Eighteen years ago we talked about this day. For eighteen years, we imagined this very moment. I cried because we did it! We actually did it! And then, I cried harder, because DAMN we just did so much more than what we ever imagined would be involved in this adventure. Back in 1996, when we first talked about spending Bastille Day in Paris, we didn’t even have a deaf child, let alone a child with a wheelchair.
That night in Paris, I looked back over our eighteen years together and I cried because I was really proud of us! Our real story was so much better than anything I could’ve imagined.
Was it too perfect? The fireworks started and in one movement the entire crowd rose to their feet.
…And that movement blocked Lucy’s entire view, but what could I do? Fireworks. Music. A celebration. So many people!
Then, I heard something.
People around us start saying what sounded like “Ah-see! Ah-see!” They were tapping each other and pointing back to Lucy saying it over and over. I watched it spread like a wave from Lucy moving toward the Eiffel Tower… Tap, tap – point to Lucy – “Assis! Assis!”
Then,everyone who had been standing in front of Lucy, sat down!
I am not making this up! They all sat back down so one little girl, who was sitting (“assis”) in a wheelchair could see the firework display at the Eiffel Tower.
In that moment, the universe delivered something for which I didn’t have the words to ask… especially in French!
The first day of preschool, Leah was fearless. I was not.
I wanted Leah to be safe.
I wanted Leah to fit in.
I wanted Leah to enjoy the journey and discover things that she’s passionate about.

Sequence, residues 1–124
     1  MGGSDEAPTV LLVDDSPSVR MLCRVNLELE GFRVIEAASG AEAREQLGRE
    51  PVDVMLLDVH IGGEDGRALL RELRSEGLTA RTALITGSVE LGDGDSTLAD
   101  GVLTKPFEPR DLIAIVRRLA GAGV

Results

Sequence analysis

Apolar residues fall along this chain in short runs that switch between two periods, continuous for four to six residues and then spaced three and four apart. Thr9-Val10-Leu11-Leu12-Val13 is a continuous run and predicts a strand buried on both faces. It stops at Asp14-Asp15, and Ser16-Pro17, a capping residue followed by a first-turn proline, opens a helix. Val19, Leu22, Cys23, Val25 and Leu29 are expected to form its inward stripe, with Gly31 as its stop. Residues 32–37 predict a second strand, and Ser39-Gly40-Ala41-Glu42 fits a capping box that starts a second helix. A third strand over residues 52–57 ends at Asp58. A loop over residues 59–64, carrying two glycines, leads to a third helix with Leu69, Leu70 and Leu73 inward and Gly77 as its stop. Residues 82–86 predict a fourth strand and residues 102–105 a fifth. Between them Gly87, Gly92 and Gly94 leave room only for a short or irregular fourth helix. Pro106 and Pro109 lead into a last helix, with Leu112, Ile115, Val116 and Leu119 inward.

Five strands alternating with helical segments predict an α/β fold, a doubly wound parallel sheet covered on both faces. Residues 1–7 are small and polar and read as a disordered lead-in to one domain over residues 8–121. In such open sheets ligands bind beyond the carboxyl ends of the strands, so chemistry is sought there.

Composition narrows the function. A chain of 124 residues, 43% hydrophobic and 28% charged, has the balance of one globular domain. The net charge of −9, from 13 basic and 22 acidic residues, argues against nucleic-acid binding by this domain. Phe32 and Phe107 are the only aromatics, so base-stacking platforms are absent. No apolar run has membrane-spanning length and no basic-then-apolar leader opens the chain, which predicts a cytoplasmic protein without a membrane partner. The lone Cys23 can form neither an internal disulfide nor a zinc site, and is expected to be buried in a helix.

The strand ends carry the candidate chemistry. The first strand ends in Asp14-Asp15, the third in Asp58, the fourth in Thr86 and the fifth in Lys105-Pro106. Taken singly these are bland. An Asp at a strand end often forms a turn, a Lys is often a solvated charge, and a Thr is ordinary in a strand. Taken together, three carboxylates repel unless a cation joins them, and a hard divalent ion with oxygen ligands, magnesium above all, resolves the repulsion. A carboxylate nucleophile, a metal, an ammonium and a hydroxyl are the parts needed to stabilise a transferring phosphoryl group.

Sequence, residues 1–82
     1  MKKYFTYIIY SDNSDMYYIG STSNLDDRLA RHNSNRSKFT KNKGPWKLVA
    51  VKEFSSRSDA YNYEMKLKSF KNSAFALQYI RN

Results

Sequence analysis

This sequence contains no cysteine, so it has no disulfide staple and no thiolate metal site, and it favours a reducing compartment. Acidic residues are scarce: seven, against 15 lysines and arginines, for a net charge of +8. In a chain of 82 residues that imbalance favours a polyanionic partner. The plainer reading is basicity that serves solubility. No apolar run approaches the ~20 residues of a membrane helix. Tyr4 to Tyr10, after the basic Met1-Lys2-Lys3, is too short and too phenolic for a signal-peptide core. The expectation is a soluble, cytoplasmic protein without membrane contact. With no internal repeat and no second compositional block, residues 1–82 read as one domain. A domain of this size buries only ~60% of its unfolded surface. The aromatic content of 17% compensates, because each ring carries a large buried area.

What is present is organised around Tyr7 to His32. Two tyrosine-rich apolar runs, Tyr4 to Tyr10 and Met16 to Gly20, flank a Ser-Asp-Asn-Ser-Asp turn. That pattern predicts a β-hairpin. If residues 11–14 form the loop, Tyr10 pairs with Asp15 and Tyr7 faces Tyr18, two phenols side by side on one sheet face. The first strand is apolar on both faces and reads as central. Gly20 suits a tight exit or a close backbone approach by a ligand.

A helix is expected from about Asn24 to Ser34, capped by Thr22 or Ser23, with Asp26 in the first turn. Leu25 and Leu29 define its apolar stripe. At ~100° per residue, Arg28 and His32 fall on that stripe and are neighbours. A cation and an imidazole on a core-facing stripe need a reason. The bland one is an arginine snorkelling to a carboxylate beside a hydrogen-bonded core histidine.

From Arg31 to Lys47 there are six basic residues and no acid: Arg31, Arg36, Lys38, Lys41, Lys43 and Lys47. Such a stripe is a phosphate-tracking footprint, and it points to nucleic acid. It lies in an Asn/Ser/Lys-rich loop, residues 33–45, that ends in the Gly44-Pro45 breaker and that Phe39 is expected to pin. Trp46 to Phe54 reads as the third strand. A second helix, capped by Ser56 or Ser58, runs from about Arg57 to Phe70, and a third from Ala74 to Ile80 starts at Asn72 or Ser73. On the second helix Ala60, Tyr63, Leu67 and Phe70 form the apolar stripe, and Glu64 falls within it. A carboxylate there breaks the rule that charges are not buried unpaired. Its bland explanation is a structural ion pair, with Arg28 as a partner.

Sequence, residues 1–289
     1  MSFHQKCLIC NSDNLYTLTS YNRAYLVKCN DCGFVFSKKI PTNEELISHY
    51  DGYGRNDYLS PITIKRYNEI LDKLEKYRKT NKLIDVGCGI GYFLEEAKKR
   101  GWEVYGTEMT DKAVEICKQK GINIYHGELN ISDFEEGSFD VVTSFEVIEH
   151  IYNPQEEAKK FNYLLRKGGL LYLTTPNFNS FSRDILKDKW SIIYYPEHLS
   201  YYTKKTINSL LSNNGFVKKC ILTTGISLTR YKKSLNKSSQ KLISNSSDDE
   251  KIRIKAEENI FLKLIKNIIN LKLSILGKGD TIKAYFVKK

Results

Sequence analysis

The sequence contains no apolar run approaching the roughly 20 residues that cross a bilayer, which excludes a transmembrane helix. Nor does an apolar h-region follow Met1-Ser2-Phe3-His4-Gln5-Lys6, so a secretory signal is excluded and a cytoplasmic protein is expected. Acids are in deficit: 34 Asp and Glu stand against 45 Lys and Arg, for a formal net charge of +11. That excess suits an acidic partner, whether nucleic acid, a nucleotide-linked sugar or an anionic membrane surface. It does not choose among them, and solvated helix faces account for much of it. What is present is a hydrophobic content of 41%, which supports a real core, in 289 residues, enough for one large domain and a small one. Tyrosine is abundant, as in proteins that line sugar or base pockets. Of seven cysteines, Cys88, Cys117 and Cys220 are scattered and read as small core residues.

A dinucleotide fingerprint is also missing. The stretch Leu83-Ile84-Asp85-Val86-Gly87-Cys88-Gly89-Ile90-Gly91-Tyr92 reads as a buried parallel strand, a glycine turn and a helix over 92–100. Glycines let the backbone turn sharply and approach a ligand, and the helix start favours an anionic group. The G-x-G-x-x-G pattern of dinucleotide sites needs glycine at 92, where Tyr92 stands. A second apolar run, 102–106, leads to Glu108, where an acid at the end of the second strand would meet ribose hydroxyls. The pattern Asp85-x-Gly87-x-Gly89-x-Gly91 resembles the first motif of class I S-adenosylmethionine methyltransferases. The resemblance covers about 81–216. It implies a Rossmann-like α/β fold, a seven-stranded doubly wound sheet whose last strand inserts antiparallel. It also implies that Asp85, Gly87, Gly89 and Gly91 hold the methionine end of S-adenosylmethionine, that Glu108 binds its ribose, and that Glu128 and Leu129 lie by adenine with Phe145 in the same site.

Mostly, I wanted it to go well.
I was aware of how differently Leah was viewed in our neighborhood and community. As parents, we didn’t view deafness as a disability, it was a communication issue, she just “spoke” a different language. I never expected to give birth to someone who had a different native language than I, but it happens. That’s deafness.
First Day of Preschool – Leah Coleman, age 3 – 1999
Leah waited for the bus and I wondered if I was a bad parent, allowing my deaf three-year-old to ride a Los Angeles School District bus. I was able to set those fears aside knowing that her preschool experience was more important than most.
Leah was going to preschool, specifically to exist within, and experience the least restrictive language environment. While she was not aware of it as she boarded the bus, she was going to a place where her native language would be modeled for her in a way that was not anything we were able to duplicate at home.
Leah’s preschool teacher, Jodie was deaf. In Leah’s IEP we requested “full access to her native language, American Sign Language.” Once the documents were signed, I asked the team if they realized that what they had just signed would require two fluent signers in Leah’s classroom. (They had not realized that.)